The state of Mississippi has one clinic where abortions are performed and its future is in doubt. A new law could force the clinic to close. Meanwhile, the governor says he wants Mississippi to become the first abortion-free state in the nation. But NPR's Kathy Lohr reports that a recent ruling from a federal judge is allowing the clinic to say open - for now.
On a Friday morning, this is MORNING EDITION from NPR News. I'm David Greene. Earlier this week, President Obama said that the use of chemical weapons in Syria would be a game changer. And although there is evidence that chemical weapons have been used, the president insists he needs all the facts before taking further action - the who, the how, the when.
It's MORNING EDITION from NPR News. I'm David Greene.
It's one of the basic lessons in school - how a bill becomes a law - sounds so finite. Of course the part they don't always teach is how the political debate over a law can just keep going. The Affordable Care Act, or Obamacare, is now the law of the land. The Supreme Court ruled it constitutional.
But as NPR national political correspondent Mara Liasson reports, the fight of the law will likely just intensify ahead of the next elections.
After any contentious debate in Washington, it's often interesting to see how a lawmaker is welcomed home, depending on how he or she voted. Some of the senators who voted down bipartisan gun control legislation last month are taking heat in the aftermath of December's mass killing at Sandy Hook Elementary School in the state of Connecticut. The bill would have expanded background checks, and the only New England senator who opposed it was New Hampshire Republican Kelly Ayotte. NPR's David Welna traveled to her state and sent this report.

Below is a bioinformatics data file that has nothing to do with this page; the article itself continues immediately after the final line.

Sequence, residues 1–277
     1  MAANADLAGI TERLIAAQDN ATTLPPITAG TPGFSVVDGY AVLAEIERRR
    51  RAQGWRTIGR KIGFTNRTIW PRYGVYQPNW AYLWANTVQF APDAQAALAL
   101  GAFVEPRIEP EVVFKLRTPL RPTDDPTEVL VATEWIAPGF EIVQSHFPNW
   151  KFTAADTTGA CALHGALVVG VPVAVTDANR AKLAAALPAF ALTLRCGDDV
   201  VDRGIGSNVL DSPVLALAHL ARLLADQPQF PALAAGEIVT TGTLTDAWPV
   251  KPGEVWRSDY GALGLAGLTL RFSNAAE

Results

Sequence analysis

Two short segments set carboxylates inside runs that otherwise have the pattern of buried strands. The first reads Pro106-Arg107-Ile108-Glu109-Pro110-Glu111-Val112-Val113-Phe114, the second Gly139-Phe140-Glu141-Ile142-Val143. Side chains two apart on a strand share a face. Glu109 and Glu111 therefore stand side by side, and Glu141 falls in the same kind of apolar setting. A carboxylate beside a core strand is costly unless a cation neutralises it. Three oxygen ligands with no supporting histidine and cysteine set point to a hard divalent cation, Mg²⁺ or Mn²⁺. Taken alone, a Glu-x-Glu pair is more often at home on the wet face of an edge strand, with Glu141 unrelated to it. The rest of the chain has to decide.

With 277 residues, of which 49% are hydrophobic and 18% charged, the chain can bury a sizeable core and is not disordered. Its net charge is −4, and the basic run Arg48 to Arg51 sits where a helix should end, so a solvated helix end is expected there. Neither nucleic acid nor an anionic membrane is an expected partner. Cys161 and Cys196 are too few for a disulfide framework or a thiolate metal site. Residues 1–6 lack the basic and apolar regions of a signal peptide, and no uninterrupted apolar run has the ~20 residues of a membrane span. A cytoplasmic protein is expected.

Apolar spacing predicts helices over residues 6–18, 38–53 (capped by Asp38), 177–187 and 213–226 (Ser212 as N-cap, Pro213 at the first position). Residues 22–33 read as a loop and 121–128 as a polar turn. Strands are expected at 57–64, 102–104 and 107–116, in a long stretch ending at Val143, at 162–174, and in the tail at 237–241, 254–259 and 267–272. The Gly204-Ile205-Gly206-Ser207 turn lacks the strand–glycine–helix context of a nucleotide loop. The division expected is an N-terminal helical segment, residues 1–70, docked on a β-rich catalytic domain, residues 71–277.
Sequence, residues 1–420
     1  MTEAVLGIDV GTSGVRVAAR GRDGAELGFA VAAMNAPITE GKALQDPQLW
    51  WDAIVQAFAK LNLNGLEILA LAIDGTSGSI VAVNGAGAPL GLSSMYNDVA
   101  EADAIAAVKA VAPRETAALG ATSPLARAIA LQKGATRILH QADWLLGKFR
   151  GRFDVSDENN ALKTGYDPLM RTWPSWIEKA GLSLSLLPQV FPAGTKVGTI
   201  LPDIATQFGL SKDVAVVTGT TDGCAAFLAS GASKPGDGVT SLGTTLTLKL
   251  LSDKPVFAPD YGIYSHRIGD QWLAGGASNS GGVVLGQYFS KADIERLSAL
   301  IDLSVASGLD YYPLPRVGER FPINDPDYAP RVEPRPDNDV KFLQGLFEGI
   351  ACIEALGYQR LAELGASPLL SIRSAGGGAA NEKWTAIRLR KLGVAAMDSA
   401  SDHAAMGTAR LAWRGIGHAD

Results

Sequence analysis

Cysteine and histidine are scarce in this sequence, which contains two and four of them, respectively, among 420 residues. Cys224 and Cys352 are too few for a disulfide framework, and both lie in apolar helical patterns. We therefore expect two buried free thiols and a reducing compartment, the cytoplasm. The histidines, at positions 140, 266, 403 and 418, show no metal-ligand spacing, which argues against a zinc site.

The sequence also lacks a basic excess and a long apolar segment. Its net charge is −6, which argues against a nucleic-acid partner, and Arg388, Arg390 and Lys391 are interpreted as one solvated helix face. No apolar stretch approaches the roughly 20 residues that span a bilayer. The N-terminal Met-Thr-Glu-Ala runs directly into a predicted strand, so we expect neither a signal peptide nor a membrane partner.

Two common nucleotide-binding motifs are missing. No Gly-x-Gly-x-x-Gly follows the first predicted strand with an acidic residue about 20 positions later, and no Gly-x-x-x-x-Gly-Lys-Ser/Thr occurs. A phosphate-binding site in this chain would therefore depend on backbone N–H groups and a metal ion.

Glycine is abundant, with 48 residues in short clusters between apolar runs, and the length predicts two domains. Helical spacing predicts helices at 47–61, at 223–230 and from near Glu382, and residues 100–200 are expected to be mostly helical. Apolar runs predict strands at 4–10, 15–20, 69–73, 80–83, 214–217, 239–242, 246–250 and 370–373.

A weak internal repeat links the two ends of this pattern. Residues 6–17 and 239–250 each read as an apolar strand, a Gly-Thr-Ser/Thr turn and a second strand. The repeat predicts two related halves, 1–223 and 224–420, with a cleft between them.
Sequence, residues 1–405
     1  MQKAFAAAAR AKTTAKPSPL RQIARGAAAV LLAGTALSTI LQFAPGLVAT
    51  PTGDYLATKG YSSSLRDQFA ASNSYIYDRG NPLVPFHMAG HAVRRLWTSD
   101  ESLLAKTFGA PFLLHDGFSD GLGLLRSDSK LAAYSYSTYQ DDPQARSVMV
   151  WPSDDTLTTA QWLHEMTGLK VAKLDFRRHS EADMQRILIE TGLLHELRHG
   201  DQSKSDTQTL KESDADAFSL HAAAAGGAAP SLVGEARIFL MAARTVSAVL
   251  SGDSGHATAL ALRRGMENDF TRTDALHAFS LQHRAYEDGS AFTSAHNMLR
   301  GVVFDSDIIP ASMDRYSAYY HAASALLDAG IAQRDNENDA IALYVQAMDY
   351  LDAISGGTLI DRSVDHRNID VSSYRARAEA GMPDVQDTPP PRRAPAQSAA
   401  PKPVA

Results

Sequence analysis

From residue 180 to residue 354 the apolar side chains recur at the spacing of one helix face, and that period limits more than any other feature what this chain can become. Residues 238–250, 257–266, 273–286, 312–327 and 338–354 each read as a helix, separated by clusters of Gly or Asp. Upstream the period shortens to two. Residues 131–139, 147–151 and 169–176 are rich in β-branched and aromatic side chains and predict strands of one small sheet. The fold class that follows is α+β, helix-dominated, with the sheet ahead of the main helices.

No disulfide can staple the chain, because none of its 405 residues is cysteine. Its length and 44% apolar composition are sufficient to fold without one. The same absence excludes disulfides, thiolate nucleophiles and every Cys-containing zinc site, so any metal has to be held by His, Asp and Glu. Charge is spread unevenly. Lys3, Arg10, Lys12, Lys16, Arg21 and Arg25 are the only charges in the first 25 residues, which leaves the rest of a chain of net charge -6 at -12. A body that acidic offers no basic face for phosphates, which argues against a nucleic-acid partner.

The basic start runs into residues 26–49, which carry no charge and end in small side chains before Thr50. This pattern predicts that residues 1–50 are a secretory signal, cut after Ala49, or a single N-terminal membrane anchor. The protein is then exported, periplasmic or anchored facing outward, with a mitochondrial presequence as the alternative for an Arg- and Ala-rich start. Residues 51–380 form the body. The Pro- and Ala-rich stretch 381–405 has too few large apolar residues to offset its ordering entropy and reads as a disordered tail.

This is MORNING EDITION from NPR News. Good morning. I'm David Greene. President Obama says it is time to focus on the strong economic relationship between the United States and Mexico and not get bogged down on more contentious issues like cooperation on the war on the drugs.
Obama made his comments yesterday as he began a two-day visit to Mexico. He flies on to Costa Rica later today. NPR's Carrie Kahn reports.
Growing up in a rough housing project on Chicago's South Side during the early 1960s, Alexis Martinez had to hide that she was transgender.
Back then, her name was Arthur, Alexis tells her daughter, Lesley Etherly Martinez, on a visit to StoryCorps in Chicago.
"When I came out to my mom that I was transgender, I think I was 13 or 14," Alexis says. "And she called the police. And I always remember that when the police showed up, they just laughed and told her, 'You've got a fag for a son, and there's nothing we can do about it.' "
Korean and Southern food may not seem like a natural pair. But now it's one more example of traditions emulsifying in the great American melting pot. Korean-American chef Edward Lee makes that case with his new cookbook Smoke and Pickles: Recipes and Stories From a New Southern Kitchen.
Fusion cooking comes naturally to Lee: He grew up in an immigrant neighborhood of Brooklyn surrounded by Jamaicans, Indians, Iranians and Jews.
The FBI added Joanne Chesimard, who was convicted in the 1973 murder of a New Jersey State Trooper, to its "Most Wanted Terrorist List." Chesimard, who fled to Cuba in 1984 after escaping from prison, is the first woman added to the list.
The late Jimmy Savile is not the only U.K. TV personality whose name has emerged in a sexual abuse investigation. A wide-ranging British inquiry has revealed many other household names who are suspected of committing sexual offenses decades ago.